In Big Tech & people: a complicated relationship of convenience beschrijft Om Malik onze moeizame relatie met technologie.
Op persoonlijk niveau maakt het ons leven een stuk makkelijker, maar tegelijkertijd versterkt het ontwikkelingen die op regionaal of (inter)nationaal niveau enorm onwenselijk zijn.
In the past, when preparing to go to the airport from my parents house (in India), someone (usually my dad) would walk about a mile and a half to a local taxi stand to try and book a cab — typically an aging old Ambassador with only the theoretical capability to make the 20-mile journey to the airport — to arrive at a prearranged time, which involved haggling with the driver and then hoping he showed up. Fast forward 20 years, and I was checking in at the airport within 50 minutes of making a single, simple tap on Uber.
While I marveled at the convenience, I also remembered that there are rumored to be about 450,000 new cars on the road in the Delhi capital region as a consequence of Uber. Add another 150,000 from Ola, and you can see why there is smog permanently hovering over Delhi as the traffic crawls like Los Angeles on steroids.
Hoe vormen wij technologie?
Technologie vormt ons dan wel. Maar wij vormen technologie. Dus het is zaak dat we daarover nadenken en invloed uitoefenen. Daarover citeert hij Rosé Eveleth:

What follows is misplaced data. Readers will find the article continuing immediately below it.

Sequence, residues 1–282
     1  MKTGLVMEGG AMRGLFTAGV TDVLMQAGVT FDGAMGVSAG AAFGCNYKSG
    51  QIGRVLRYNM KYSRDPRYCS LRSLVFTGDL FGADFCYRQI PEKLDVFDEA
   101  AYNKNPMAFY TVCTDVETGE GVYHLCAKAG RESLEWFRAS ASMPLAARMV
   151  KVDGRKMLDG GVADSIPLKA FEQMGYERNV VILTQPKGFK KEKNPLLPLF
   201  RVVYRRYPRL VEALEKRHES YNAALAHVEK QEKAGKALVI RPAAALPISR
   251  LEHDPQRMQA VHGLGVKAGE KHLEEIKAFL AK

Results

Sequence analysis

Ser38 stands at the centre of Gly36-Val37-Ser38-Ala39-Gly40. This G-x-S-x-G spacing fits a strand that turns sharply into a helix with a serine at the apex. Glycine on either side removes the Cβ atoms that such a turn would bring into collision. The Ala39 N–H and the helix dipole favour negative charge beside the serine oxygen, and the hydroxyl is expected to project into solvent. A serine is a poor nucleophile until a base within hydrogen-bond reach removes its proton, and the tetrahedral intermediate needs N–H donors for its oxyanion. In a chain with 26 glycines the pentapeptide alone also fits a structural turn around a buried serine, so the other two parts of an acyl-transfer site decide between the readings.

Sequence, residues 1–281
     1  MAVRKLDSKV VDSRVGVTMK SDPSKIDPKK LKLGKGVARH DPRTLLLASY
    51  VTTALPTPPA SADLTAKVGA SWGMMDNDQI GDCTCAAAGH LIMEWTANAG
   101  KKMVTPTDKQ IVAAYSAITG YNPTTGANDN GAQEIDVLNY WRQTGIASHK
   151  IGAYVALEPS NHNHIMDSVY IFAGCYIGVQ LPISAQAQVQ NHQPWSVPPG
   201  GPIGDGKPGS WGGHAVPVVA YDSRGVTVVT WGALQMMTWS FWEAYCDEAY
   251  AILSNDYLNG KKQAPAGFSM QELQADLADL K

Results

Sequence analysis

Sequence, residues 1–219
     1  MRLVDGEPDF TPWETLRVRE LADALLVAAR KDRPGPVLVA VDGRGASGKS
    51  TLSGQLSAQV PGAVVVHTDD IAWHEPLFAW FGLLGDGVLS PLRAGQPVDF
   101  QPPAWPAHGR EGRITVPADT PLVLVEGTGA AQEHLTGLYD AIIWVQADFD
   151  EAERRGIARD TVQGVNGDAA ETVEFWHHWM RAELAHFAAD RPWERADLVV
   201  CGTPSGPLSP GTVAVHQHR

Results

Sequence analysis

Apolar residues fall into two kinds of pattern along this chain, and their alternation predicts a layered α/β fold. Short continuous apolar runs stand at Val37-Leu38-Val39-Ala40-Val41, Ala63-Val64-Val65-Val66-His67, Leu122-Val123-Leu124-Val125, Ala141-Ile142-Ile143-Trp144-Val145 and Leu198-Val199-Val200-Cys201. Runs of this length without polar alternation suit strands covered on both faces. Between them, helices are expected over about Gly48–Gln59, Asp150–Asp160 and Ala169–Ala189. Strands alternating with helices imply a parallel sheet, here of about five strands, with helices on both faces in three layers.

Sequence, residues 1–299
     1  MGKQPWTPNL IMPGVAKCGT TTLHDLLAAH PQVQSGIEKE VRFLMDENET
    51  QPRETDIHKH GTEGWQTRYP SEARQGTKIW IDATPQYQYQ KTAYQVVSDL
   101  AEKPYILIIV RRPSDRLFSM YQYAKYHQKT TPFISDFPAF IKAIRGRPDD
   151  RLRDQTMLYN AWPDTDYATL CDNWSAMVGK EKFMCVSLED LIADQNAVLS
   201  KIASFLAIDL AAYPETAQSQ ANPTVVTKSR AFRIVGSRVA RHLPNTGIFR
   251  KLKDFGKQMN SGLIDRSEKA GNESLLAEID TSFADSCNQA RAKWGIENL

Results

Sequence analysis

“Our world is shaped by humans who make decisions, and technology companies are no different…. So the assertion that technology companies can’t possibly be shaped or restrained with the public’s interest in mind is to argue that they are fundamentally different from any other industry.”
Zoals over de vraag of technologiebedrijven politieke advertenties moeten toestaan, en zo ja: hoe. En welke kaders we willen stellen aan de inzet van gezichtsherkenningssoftware.
Alleen weet ook Om nog niet hoe:
I am quite interested in knowing how — or if — we can evolve from the big tech conundrum we find ourselves in. So far, I am really surprised that none of us have developed any real answers beyond vague proposals to break up the big tech companies and abstract ideas of how we might attempt to control them. What are the concrete steps? What should we be doing to tame these monsters, which are on the loose? But more importantly: What if these are monsters we can’t live without? This is the question that kept coming up in my mind as I traveled to Japan and India.
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